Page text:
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Pandemic creates challenges in marking major milestones
STARKVILLE, Miss. -- Starkville High School senior Christian Leach has photographic proof of the day he sat in his front yard and signed to run track for Mississippi College this fall.
With the shelter-in-place order going in effect the next day, his mom, Lisa Stricklin, and neighbors quickly put together a backdrop and props, and gathered friends and family to line the road in their cars while he made his commitment.
“Christian placed third in state for Division 6A and made the Clarion-Ledger All State Cross Country team, but track season was over before it started due to COVID-19,” Stricklin said. “I do wish his teammates, coach and other friends could have been there for his signing day like normal, but I think we were able to make it special even though it wasn’t traditional.”
This mindset of embracing the present has prompted Mississippians to find ways like Stricklin did to mark major milestones in nontraditional ways.
From weddings, birthday parties and baby showers to baptisms, proms and funerals, people are either postponing these events or celebrating them in ways never before considered.
Alisha Hardman, a Mississippi State University Extension Service family life specialist, said social distancing and shelter-in-place orders make these milestones hard to commemorate in traditional ways.
“It is distressing that these major milestones are disrupted,” Hardman said. “It is unwise to pretend there is not an emotional toll on us when we cannot celebrate a life or an achievement in the way we had imagined we would. But it is important to keep in mind that we can still find creative and meaningful ways to honor loved ones, even in our current circumstances.”
Mariah Morgan, a professor in the MSU Extension Center for Technology Outreach, said technology has provided a huge advantage in bringing people together who are geographically apart. Anyone with a smart phone has the tools for videoconferencing, photos, video and social media for sharing the big moments.
“Many of the technological tools available today allow people to make meaningful connections as well as content for such things as photo books or video projects,” Morgan said. “A decade ago, some of the same technology was in place, but we did not have the ability to work on a single project together like we do now utilizing high-speed internet connections.”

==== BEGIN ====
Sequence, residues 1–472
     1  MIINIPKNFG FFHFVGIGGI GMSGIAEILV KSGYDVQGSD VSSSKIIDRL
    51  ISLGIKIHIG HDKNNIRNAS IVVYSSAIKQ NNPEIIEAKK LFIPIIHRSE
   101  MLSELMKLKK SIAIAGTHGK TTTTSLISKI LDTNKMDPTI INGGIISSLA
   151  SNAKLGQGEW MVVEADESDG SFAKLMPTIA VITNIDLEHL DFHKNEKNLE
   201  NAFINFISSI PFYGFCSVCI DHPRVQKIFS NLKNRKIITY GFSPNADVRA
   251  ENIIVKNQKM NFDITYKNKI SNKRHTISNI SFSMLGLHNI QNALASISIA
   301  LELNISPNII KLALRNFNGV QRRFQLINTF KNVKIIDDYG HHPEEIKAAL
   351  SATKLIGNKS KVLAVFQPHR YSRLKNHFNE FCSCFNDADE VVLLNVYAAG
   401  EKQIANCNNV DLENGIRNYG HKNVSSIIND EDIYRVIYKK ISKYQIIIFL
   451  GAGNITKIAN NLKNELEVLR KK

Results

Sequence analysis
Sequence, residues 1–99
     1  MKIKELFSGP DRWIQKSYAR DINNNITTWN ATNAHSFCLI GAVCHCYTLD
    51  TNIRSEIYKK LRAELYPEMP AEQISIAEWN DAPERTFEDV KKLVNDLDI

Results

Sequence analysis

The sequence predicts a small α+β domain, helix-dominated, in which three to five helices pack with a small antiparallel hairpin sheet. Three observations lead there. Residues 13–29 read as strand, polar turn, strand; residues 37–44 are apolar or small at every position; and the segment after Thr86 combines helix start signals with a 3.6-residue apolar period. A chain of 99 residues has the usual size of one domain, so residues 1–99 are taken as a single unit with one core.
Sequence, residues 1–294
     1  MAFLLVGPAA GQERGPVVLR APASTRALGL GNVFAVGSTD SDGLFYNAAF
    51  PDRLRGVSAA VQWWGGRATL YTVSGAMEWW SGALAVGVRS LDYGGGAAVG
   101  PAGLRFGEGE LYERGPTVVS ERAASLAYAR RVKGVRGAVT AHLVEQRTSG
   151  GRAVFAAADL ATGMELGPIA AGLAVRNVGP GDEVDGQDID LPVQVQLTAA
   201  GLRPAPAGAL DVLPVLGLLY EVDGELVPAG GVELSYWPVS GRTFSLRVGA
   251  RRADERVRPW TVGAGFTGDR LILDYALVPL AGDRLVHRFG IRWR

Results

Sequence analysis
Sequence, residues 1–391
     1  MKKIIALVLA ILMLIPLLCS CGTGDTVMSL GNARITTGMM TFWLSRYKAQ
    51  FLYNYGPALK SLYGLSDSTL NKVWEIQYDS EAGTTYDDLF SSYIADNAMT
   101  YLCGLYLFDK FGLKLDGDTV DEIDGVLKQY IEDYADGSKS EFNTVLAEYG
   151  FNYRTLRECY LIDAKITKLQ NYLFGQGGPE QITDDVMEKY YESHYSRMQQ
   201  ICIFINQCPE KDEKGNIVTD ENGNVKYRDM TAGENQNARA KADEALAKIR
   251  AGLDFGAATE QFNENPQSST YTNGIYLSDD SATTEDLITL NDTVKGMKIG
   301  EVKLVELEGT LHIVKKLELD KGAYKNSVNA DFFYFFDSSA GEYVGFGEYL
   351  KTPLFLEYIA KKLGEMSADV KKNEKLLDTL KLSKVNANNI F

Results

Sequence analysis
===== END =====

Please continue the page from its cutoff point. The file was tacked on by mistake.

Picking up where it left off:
Vicki Leach of Starkville lost her mother in Atlanta March 18 to a very brief and very unexpected illness.
“She was taken to a large metro Atlanta hospital in the midst of the pandemic, so when I left to go to Atlanta, I wasn’t sure what would happen; they weren’t allowing visitors of any kind into the hospital,” Leach said. “Blessedly, the chief surgeon demanded that we get to be with her as she passed away.”
The hospital took numerous precautions before allowing Leach in, and she and her daughter quarantined themselves upon their return as a precaution.
The death happened just before the shelter-in-place order was issued in Smyrna, Georgia, and funeral home directors asked that a service have no more than 10 people present. The idea of burying an 80-year-old without friends and family present was unthinkable.
“We pondered having a graveside service for just my brother and myself so we could say our goodbyes, but I just couldn’t do it,” Leach said.
The extended family had celebrated her 80th birthday in the Georgia mountains last year, so they decided to enjoy a celebration of her life at the same place on what would have been her 81st birthday this July.
“Our family had never cremated one of our own, we had never not had a funeral with a visitation and a viewing, we had never not gathered in a church setting to memorialize one of our loved ones,” Leach said. “So we will have a celebration in the chapel at the funeral home, a reception afterwards in lieu of a visitation, a small graveside service for her where we will place some of her ashes, then take a family trip to the mountains to spread the rest in the place she loved best. And we have peace about it.
“I’m thankful that I will at least get to celebrate her in a place she loved and with the people she loved,” she said.
MSU Extension offers some tips at https://www.facebook.com/msuescto/ on creative ways to use technology to aid a celebration or commemorate a significant event.